Electric Chair

Lead: Caught up in the frenzy of competition in the early days of electric power, Thomas Edison gave impetus to development of the twentieth century’s most fearsome form of judicial execution, the electric chair.

Intro. : A Moment in Time with Dan Roberts.

Content: In the 1880s, inventor Thomas Edison and industrialist George Westinghouse were locked in a fierce competition over the future of electric power. The issue was transmission. Edison championed direct current, Westinghouse, in alliance with the brilliant and erratic Nikola Tesla, was an advocate of alternating current. Westinghouse eventually prevailed because AC, with its more efficient distribution over longer distances, was clearly the superior choice.

Mr. Watt’s Slight Innovation

Lead: There was not much of an Industrial Revolution until a slight improvement by the Scottish inventor, James Watt.

Intro.: A Moment in Time with Dan Roberts.

Content: Industrial progress is marked by long series of bottlenecks overcome by small but clever innovations. For centuries the main product of England was wool. First in raw form, cut from English sheep and shipped to the factories of the Netherlands, and later fabricated in English shops into simple woolen clothing. By 1700 the added popularity of cotton clothing created an opportunity. Already the machinery had been invented which could take raw cotton and wool and make cheap clothing for the mass market, but to operate those machines required energy. Primitive factories used water wheels turned by swiftly moving streams and rivers but there were just so many usable water sources around. Perhaps it was thought this first great modern energy crisis could be resolved by steam power.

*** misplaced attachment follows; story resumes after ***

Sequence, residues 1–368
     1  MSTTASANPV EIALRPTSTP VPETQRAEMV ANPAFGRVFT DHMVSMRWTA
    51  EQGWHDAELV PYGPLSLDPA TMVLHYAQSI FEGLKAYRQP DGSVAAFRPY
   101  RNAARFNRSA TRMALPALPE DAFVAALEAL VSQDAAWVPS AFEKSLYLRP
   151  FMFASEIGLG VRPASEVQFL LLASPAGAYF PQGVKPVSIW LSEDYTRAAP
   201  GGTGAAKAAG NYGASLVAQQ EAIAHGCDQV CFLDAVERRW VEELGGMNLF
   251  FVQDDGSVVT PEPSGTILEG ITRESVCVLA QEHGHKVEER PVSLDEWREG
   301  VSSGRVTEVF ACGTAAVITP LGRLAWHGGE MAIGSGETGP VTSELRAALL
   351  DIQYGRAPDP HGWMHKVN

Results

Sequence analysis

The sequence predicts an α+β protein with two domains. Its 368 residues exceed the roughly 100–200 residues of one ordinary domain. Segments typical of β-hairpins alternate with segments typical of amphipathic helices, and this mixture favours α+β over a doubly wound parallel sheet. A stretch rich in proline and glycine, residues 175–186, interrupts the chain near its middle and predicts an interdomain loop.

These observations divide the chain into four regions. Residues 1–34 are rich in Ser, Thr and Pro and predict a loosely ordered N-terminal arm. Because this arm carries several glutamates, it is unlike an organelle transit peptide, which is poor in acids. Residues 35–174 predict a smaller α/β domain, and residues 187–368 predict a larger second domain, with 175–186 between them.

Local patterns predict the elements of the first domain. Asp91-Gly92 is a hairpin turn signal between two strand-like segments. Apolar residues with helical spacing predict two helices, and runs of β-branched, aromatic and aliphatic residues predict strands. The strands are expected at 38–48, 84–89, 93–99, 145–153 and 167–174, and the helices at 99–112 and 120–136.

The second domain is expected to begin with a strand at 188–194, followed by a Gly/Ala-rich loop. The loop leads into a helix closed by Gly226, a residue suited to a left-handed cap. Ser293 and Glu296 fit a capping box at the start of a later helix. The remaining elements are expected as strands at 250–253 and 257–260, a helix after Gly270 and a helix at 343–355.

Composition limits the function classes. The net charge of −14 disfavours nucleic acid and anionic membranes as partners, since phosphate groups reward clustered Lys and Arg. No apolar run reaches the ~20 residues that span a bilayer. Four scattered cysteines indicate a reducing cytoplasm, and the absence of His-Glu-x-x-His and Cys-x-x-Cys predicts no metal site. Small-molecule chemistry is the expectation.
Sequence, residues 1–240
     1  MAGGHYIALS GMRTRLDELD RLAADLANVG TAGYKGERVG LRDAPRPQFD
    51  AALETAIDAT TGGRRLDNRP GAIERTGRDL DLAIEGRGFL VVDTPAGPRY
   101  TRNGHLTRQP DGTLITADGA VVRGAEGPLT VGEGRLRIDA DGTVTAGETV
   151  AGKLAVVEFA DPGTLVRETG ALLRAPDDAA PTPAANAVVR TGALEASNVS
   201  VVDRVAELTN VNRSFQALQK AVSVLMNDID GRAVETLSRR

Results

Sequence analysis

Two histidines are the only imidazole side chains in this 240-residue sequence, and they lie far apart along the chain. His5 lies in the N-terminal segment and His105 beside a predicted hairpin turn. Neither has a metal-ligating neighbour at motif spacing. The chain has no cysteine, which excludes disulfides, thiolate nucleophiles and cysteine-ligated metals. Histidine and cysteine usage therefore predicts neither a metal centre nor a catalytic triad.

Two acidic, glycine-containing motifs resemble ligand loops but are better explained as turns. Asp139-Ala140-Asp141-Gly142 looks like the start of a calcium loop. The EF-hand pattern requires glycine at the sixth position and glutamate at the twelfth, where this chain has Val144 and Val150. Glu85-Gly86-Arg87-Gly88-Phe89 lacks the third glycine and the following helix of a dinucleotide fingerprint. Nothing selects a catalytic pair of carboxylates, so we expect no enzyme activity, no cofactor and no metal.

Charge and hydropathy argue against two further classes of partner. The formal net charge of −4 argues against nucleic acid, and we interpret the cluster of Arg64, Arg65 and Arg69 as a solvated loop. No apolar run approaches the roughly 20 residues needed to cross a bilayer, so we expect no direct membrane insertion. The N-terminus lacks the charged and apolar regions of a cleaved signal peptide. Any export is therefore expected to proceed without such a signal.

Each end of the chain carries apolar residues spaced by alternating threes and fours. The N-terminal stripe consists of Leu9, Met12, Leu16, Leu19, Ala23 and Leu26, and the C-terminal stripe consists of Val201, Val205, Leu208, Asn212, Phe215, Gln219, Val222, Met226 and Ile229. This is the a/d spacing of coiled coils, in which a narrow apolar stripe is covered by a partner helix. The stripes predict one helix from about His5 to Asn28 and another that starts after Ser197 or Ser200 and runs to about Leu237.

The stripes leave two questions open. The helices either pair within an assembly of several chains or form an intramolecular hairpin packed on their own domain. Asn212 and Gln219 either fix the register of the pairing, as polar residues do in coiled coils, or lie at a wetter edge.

George Westinghouse II

Lead: Aware of repeated and often deadly railroad accidents, George Westinghouse developed the air brake.

Intro.: A Moment in Time with Dan Roberts.

Content: At first Westinghouse tried to harness the steam generated by the locomotive, but found that by the time steam reached the rear of the train it had begun to condensing thus losing its power to force the brakes. His solution came while reading a magazine article describing the construction of the huge railroad tunnel through Mont Cenis in the Italian Alps. Instead of generating steam deep in the mountain for drilling which would eat up precious oxygen, engineers compressed air on the outside and pumped it to the tunnel face. Westinghouse applied the same principle to stopping trains, some of which were dozens of cars in length.


George Westinghouse I

Lead: On a dark February night in 1871, the chief engineer of the New York Central's crack Pacific Express, Doc Simmons, peered beyond a rounded bend south of Poughkeepsie, New York and saw disaster coming and could do absolutely nothing about it.

Intro.: A Moment in Time with Dan Roberts.